Free Speech Rights of Students
The issue: When may administrators in public secondary schools and colleges restrict the speech of students?
Introduction

Students do not, the Court tells us in Tinker vs. Des Moines, "shed their constitutional rights when they enter the schoolhouse door."  But it is also the case that school administrators have a far greater ability to restrict the speech of their students than the government has to restrict the speech of the general public.  Student speech cases require a balancing of the legitimate educational objectives and need for school discipline of administrators against the First Amendment values served by extending speech rights of students.

In Tinker, perhaps the best known of the Court's student speech cases, the Court found that the First Amendment protected the right of high school students to wear black armbands in a public high school, as a form of protest against the Viet Nam War.  The Court ruled that this symbolic speech--"closely akin to pure speech"--could only be prohibited by school administrators if they could show that it would cause a substantial disruption of the school's educational mission.


Mary Beth Tinker, John Tinker, and mother.

Papish considered the decision of the University of Missouri to expel a journalism student who distributed a controversial leaflet (including four-letter words and a cartoon showing the Statue of Liberty being raped) on campus.  The Court held the expulsion violated Papish's First Amendment rights.

Bethel and Hazelwood, on the other hand, were victories for school administrators over the First Amendment claims of students.  In Bethel, the Court upheld the right of Washington state high school administrators to discipline a student for delivering a campaign speech at a school assembly that was loaded with sexual innuendo.  The Court expressed the view that administrators ought to have the discretion to punish student speech that violates school rules and has the tendency to interfere with legitimate educational and disciplinary objectives.  In Hazelwood, the Court relied heavily on Bethel to uphold the right of school administrators to censor materials in a student-edited school paper that concerned sensitive subjects such as student pregnancy, or that could be considered an invasion of privacy.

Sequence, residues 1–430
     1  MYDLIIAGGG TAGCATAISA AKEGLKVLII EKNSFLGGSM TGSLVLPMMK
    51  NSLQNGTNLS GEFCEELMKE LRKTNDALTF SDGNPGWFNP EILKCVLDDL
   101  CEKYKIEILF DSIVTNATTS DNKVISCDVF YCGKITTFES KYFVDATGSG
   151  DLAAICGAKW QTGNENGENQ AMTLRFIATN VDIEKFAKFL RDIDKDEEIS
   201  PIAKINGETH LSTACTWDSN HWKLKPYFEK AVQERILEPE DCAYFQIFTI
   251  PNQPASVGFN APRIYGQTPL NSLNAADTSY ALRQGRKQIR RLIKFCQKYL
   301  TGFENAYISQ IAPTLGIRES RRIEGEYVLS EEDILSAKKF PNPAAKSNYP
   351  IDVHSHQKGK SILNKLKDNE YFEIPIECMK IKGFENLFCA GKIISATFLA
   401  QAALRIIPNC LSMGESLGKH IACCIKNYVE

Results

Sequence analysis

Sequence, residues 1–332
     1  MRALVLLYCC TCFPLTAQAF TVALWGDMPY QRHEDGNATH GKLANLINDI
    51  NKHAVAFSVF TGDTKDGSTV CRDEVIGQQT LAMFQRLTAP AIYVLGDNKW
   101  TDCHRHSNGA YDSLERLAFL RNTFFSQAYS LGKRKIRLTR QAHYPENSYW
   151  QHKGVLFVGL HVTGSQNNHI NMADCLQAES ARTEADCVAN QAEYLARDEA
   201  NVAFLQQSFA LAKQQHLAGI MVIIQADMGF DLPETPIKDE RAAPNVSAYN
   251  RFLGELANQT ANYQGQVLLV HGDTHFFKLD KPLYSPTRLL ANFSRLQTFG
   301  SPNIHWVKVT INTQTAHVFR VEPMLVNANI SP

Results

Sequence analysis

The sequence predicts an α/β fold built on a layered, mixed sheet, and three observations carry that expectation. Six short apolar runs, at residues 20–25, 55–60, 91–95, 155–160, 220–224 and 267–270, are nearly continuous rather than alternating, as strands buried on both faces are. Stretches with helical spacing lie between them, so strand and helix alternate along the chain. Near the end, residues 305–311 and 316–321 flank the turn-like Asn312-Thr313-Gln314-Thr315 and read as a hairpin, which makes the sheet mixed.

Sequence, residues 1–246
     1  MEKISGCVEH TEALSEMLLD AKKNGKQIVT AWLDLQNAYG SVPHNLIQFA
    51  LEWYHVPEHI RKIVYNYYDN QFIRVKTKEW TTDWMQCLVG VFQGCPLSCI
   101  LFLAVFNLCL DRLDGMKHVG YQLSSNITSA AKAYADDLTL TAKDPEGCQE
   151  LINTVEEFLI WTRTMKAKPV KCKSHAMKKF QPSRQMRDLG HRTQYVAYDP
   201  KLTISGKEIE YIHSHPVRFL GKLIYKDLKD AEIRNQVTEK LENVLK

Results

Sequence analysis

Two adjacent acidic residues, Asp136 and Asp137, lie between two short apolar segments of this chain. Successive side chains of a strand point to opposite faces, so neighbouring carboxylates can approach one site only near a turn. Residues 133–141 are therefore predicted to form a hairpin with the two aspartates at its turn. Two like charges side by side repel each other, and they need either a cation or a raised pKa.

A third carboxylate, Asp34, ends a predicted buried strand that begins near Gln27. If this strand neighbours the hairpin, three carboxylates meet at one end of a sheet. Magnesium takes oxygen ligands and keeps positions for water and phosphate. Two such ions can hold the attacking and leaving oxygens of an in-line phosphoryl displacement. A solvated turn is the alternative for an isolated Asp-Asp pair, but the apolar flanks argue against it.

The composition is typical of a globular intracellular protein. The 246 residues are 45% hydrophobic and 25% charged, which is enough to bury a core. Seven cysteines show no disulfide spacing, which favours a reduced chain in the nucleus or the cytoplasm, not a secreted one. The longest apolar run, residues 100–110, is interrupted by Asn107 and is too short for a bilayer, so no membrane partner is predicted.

Supreme Court Decides New Student Speech Case

Kenneth Starr argued the case for Juneau's principal

Joseph Frederick, a senior at Juneau, Alaska's Douglas High School, held up a 14-foot long banner at an Olympic torch relay in 2002 that read, "Bong Hits 4 Jesus."  Even though Frederick was standing on a public sidewalk off the school grounds, high school principal Deborah Morse ordered the student suspended for 10 days for violating the school's policy against promoting illegal substances at an event sanctioned by the school.  Frederick sued.  After the Ninth Circuit Court of Appeals sided with Frederick on First Amendment grounds, former special prosecutor in the Clinton-Lewinsky case, Kenneth Starr, filed a petition for cert in the U. S. Supreme Court. 

In June 2007, the Court announced its decision in Frederick v Morse.  Justice Roberts, writing for a five to four majority, found that schools have the right to discipline students who present messages that conflict with stated anti-drug policies, even where the evidence of disruption of school activities (a fact that seemed critical in Tinker) might be absent.


Cases
Tinker v. Des Moines Indep. Community School District  (1969)
Papish v. Bd. of Curators of the Univ. of Missouri (1973)
Bethel School District No. 403 v. Fraser (1986)
Hazelwood School District v. Kuhlmeier (1988)
Morse v Frederick (2007)


Student editor of Hazelwood's Spectrum.

Questions

1. Do the speech rights of students increase as they get older?  Do high school students have the right to speak in ways that elementary school students do not?  To university and graduate school students have the right to speak in ways that might be punished if they were students in a high school?